BOISE - An array of religious leaders, many of them from Nevada, are calling for Idaho Sen. Sheryl Nuxoll, R-Cottonwood, to apologize for her comments this week that Hinduism “is a false faith with false gods.”
Nuxoll made the comments to the news media after she, along with two other senators, boycotted a Hindu prayer that opened a morning session of the Idaho Senate; it was delivered by a Hindu cleric from Reno. On Friday, she stood by her remarks and refused to apologize, though she said she didn’t mean to say Hinduism was “false religion,” just that it’s based on “false gods.”
“I said it was a religion with false gods,” Nuxoll said. “I’m not going to give an apology.”
The religious leaders calling for the apology include the Episcopal bishop of Nevada; an official with the Roman Catholic Diocese of Reno; a rabbi and Jewish leader in Nevada and California; a United Church of Christ pastor; a Nevada Buddhist leader; a Unification Church leader; the president of the Hindu Temple Society of North America; and more.
“Being a public official, it was highly inappropriate and insensitive for Ms. Nuxoll to call a major religion ‘false,’” said Dan Black, director of the Boise Institute for Buddhist Studies. “To show responsibility, respect and understanding that her words were hurtful to the Hindu community, Ms. Nuxoll should apologize.”
His comments were among many in a joint statement issued Friday. Rabbi ElizaBeth Beyer said Nuxoll “should be called upon to offer a public apology, and perhaps even be sanctioned by the Senate for her inappropriate, insensitive and insulting remarks.”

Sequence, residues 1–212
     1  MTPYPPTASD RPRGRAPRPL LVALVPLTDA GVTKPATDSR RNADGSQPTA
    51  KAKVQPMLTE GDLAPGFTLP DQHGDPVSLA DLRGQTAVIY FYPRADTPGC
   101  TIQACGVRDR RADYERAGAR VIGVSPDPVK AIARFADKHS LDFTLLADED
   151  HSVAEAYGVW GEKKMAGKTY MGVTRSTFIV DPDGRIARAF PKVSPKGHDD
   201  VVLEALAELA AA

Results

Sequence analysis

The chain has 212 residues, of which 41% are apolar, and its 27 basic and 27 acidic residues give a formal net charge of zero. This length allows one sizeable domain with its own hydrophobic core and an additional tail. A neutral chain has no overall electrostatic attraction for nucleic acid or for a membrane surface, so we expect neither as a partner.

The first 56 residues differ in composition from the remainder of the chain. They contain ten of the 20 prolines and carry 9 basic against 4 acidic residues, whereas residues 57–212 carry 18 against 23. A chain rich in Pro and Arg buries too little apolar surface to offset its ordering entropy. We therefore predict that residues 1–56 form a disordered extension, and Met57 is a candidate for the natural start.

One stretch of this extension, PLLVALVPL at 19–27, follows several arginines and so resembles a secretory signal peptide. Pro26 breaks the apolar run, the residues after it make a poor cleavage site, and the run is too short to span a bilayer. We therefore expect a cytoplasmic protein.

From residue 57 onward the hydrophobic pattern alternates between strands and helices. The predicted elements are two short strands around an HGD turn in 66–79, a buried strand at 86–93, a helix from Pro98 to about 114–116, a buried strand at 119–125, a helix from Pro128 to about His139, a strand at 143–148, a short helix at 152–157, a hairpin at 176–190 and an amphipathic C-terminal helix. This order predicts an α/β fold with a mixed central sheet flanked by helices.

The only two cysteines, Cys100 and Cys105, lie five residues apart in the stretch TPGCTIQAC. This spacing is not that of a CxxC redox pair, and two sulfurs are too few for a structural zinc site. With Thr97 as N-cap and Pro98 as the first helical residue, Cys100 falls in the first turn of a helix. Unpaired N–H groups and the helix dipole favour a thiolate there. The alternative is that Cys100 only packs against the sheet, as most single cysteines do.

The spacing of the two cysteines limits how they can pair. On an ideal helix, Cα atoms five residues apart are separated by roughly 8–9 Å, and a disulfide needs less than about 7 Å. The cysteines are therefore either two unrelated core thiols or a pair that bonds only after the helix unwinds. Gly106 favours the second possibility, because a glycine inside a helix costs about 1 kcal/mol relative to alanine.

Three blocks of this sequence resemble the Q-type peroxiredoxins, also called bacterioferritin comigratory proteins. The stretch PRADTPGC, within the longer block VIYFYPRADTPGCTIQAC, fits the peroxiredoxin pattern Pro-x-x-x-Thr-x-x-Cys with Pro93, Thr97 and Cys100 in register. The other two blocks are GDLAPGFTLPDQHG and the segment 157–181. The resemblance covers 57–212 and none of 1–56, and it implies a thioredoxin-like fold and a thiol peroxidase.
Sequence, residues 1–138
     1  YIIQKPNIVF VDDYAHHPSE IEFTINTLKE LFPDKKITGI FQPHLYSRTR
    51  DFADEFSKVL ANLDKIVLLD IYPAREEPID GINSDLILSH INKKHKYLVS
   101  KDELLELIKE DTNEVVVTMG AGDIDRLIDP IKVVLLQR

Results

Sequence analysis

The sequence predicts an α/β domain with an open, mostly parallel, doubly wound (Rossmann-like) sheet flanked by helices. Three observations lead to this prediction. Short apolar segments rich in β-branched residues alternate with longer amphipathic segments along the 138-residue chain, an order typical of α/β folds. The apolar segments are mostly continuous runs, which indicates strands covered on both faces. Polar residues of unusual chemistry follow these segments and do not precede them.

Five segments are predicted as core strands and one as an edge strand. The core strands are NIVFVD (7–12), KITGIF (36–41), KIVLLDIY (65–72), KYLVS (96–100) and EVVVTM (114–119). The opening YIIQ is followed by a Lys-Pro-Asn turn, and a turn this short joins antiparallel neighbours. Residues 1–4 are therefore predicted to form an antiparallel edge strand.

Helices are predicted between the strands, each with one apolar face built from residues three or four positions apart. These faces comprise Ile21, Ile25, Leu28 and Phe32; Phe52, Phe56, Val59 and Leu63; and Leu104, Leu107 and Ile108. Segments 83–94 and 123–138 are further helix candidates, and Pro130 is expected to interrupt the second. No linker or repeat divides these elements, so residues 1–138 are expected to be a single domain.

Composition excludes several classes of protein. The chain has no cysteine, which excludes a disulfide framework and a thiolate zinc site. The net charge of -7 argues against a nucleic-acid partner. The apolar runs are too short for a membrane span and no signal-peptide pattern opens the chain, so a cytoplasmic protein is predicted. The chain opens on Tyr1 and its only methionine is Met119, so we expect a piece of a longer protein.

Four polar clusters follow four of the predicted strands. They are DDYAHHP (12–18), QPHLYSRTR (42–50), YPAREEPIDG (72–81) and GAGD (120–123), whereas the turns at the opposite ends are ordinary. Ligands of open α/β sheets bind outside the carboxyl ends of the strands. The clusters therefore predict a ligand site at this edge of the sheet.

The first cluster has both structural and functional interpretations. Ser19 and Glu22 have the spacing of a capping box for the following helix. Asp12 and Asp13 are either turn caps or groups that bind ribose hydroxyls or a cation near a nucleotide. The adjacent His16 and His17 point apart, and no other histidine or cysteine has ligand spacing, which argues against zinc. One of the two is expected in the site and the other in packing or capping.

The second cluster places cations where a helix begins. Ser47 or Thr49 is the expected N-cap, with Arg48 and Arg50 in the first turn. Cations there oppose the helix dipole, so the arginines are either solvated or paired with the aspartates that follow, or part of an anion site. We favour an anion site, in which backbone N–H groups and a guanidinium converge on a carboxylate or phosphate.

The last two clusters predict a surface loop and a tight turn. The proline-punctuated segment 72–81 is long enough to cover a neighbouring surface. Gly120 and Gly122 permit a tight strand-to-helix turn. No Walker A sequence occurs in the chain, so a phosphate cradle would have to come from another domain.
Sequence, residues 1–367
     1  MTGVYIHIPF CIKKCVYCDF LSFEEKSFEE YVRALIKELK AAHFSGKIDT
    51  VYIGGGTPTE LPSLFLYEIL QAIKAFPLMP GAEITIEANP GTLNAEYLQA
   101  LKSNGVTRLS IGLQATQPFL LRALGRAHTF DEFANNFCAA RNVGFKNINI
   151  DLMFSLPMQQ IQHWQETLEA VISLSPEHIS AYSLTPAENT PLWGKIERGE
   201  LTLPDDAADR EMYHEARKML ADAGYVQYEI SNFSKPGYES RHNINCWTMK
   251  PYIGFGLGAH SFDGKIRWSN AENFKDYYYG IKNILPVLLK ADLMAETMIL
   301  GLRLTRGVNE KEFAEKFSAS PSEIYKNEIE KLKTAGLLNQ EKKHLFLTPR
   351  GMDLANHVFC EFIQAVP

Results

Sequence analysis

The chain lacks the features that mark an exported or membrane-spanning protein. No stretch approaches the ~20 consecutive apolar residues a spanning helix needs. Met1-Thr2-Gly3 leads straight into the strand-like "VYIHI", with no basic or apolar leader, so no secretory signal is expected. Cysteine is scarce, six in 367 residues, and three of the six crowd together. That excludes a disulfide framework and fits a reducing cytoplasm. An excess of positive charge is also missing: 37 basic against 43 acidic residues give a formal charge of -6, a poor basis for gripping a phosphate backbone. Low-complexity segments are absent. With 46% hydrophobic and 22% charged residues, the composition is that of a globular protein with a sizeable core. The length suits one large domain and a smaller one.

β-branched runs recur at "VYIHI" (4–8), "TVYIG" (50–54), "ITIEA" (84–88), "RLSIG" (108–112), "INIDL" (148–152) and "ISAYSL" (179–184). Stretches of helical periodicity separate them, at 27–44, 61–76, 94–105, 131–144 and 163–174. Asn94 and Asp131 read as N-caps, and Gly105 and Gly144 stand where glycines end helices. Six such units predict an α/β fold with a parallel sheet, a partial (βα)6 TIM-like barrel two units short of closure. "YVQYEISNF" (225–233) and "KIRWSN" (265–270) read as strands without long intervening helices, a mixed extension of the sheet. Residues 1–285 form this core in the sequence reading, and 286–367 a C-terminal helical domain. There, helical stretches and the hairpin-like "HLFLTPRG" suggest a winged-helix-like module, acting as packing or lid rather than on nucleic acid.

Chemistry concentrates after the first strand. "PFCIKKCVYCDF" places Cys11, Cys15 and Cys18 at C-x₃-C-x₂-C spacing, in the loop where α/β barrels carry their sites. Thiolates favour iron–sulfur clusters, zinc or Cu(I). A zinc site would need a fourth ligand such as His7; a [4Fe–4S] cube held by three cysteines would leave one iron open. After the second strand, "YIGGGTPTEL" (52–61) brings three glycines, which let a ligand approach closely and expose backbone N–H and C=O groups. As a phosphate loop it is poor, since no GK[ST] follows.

Nuxoll said, “I felt I had to abstain, because I’m not going to be praying to false gods. I’m a believer like Mother Teresa that everybody should be the best they can.” She said she encourages Rajan Zed, the Hindu cleric who gave the Idaho Senate invocation, to “be the best Hindu that he can for his faith and beliefs,” and said, “He can say a prayer anywhere he wants in the Capitol,” but said, “I’m in a floor session bound to follow the Constitution. … It is a Christian nation based on Christian principles. To start out our day, we usually say a Christian prayer. I would’ve been fine if we had also had a Christian prayer.”
David Adler, a professor who teaches constitutional law at Boise State University, said Nuxoll’s wrong on the “Christian nation” claim and on the Constitution. “Freedom of religion promotes and protects diverse beliefs, including non-Christian beliefs,” he said.
“She has betrayed the very constitutional justification for legislative prayer —religious pluralism,” Adler said. “Her words and actions, if followed by all legislators , would not only sanitize the chamber for expression of only those religious beliefs with which she agrees , but it would convert the Senate to a body that advocates particular religious beliefs, which would represent an ‘establishment’ of religion in violation of the First Amendment’s Establishment Clause.”
Nuxoll said she believes the Constitution is “based on Judeo-Christian principles.”
“Prayer isn’t a show,” she said. “Prayer is a relationship with God – that’s what prayer is. So how can I join in a prayer where it’s a false god?”
Nuxoll said she’s received a number of emails about the issue, including “a lot running me down,” but also some supportive of her remarks. “There was one from a lady who said she had lived with the Hindus,” Nuxoll said. “She said there was a great amount of infanticide and abortion.”
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